My Thoughts on Hank Hanegraaff and Orthodox Conversion

Hank Hanegraaff

There has been much talk over the last couple of weeks about Hank Hannegraaff (known as the Bible Answer Man) converting to the Greek Orthodox Church on Palm Sunday.

There have been some pretty negative reactions to it. Jeff Maples posted an article called Why We Can’t Assume Hank Hanegraaff is Saved and We Should Evangelize Him. In addition, the Bible Answer Man show has been dropped by a network over this change.

What do I think of this conversion? To be honest, I see it as not that big of a deal. It is a part of a trend I have seen among evangelicals (e.g. Francis Beckwith, Holly Ordway) of seeking out liturgical traditions such as Roman Catholicism.

I will admit that I once thought of evangelicalism as being the only correct form of Christianity with very limited Christian presence in other traditions. This was more a reflection of my own background. I grew up in the Anglican Church and for much of my life it was empty liturgy. When I made a personal faith commitment and moved over to the Pentecostal Church, I wrote off people in mainline denominations. Since then, I have encountered many people within the Roman Catholic, Anglican and many other traditions who have a vibrant faith in Jesus. I don’t necessarily agree with all of their beliefs (I no longer hold to the Pentecostal distinctives either) but I can welcome them as brothers and sisters in Christ.

People need to get some perspective on this event. Hanegraaff did not convert to Mormonism or Islam. The Orthodox Church, along with Roman Catholics and Protestants, are all accepted parts of the Christian faith. They hold to the Nicene Creed which is a good definition of Christianity. An Orthodox Christian is a Christian.

In addition, we need to look at who Hanegraaff is and what he says about his faith. There is no reason to believe that he has abandoned any basic tenets of Christianity. He still believes in the Trinity and the incarnation.

You might not fully agree with the Orthodox Church but that doesn’t make Hank Hanegraaff a heretic or an apostate. My prayer is that God will continue to use him and that he will be a blessing within his new community.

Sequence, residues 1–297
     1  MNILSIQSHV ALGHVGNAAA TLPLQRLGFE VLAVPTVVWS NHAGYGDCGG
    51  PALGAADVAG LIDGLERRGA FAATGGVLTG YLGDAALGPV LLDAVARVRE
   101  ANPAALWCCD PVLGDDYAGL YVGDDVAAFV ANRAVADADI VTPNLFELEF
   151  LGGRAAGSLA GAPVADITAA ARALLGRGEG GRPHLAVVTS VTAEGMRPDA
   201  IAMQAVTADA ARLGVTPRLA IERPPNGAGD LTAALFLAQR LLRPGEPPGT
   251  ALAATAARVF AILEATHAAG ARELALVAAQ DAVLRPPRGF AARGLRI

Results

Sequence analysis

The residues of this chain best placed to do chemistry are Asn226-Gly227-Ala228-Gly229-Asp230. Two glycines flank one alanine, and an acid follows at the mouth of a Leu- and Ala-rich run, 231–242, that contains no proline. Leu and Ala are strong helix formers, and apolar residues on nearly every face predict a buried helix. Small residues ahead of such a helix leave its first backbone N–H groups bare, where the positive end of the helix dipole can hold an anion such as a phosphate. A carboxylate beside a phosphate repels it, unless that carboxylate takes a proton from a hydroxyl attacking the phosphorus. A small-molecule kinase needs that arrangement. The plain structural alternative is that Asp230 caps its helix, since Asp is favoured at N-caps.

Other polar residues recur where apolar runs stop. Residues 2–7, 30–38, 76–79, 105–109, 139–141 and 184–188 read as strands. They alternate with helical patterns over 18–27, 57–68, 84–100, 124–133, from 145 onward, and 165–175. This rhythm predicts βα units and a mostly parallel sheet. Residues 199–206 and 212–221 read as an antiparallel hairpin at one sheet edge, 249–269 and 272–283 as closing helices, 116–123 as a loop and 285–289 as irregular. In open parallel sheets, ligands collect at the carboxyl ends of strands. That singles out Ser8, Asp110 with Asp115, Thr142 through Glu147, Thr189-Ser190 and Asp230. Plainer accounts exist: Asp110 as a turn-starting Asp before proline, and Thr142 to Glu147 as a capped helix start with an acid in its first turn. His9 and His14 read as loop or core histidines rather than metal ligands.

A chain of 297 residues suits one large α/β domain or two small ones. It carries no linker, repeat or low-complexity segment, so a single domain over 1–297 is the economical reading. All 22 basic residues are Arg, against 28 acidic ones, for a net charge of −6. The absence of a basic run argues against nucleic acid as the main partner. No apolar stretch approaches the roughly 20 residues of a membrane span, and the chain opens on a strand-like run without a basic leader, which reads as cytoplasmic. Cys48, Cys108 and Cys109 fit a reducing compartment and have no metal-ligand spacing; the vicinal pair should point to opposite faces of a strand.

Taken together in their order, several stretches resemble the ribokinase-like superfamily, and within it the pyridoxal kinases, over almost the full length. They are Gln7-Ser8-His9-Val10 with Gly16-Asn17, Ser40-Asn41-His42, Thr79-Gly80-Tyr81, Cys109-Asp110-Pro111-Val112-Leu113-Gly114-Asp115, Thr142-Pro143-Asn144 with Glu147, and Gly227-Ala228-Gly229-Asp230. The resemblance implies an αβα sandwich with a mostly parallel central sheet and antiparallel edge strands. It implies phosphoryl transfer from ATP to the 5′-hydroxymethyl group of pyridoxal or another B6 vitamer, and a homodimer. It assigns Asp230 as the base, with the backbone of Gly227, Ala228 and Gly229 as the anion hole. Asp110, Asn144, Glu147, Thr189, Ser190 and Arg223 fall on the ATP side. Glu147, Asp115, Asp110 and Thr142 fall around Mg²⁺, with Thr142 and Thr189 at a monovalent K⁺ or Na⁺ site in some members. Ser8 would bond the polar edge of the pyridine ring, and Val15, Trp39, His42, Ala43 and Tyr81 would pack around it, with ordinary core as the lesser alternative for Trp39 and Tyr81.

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5 thoughts on “My Thoughts on Hank Hanegraaff and Orthodox Conversion

  1. As someone who grew up in my mother’s Roman Catholic tradition, and in my teens was exposed to four years of teaching within my father’s Greek Orthodox tradition, and who came to a deeper personal faith in Christ through the witness and teaching of the para-church group (The Navigators), and who now serves as a pastor in a Baptist Church… I commend the grace and insight of your comments on this subject Stephen. It’s the best thing I’ve read among the long list of heart breaking comments by others on social media, by other bloggers, and by media pundits. As all Christian traditions recently celebrated the finished work of the cross and the glory of Christ’s Resurrection…May we look to the humility of Lord Jesus Christ to teach us afresh to live out the prophetic words of Micah 6:8 … and ti put down those stones before we cast them at one another.

  2. He’s no longer the Bible Answer Man. He’s the Eastern Orthodox Answer Man and should own up to the fact his message has changed. That’s basic integrity irregardless of the absolute truth if any particular position. You simply can’t be Sola Fide and Sola Scriptura while being a consistent Eastern Orthodox. He wants to convince evangelicals you can have all three simultaneously. That’s nonsense. Wake up and smell the coffee people.

    1. Orthodox Christians still believe in the Bible and there is no reason why he can’t continue to answer questions about the Bible.It would be the same if he had become a Wesleyan and held to the Wesleyan quadrilateral.

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